If we can agree that the economic problem of society is mainly one of rapid adaptation to changes in the particular circumstances of time and place, it would seem to follow that the ultimate decisions must be left to the people who are familiar with these circumstances, who know directly of the relevant changes and of the resources immediately available to meet them. We cannot expect that this problem will be solved by first communicating all this knowledge to a central board which, after integrating all knowledge, issues its orders. We must solve it by some form of decentralization. But this answers only part of our problem. We need decentralization because only thus can we insure that the knowledge of the particular circumstances of time and place will be promptly used.
Regulating the internet via the FCC, of course, thoroughly prevents innovators, consumers, and producers from taking advantage of the experience and knowledge of those who are actually working in the marketplace.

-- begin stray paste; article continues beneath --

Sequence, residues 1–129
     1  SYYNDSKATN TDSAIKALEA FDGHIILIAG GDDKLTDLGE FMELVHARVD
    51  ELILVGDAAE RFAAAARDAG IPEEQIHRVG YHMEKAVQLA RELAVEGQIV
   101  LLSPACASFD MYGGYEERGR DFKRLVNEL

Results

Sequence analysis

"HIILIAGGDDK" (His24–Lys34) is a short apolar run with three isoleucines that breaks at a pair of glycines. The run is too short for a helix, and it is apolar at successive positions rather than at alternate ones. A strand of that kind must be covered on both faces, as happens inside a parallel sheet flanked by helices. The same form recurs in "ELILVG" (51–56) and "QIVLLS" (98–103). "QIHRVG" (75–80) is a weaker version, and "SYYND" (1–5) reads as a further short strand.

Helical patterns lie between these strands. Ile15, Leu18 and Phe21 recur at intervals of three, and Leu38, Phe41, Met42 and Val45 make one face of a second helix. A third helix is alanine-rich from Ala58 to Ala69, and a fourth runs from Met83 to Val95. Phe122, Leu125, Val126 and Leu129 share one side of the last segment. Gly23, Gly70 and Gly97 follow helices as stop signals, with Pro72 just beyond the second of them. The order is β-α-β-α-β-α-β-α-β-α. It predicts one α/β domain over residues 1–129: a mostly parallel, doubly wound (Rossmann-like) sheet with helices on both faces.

This isn't a problem, apparently, for those who insist that government must dictate to consumers and producers alike. After all, we have "experts."
Unfortunately, when it comes to something as complex and non-clinical as a functioning market, "experts" of the type employed by government panels are of little help. Hayek continues:
Today it is almost heresy to suggest that scientific knowledge is not the sum of all knowledge. But a little reflection will show that there is beyond question a body of very important but unorganized knowledge which cannot possibly be called scientific in the sense of knowledge of general rules: the knowledge of the particular circumstances of time and place. It is with respect to this that practically every individual has some advantage over all others because he possesses unique information of which beneficial use might be made, but of which use can be made only if the decisions depending on it are left to him or are made with his active coöperation.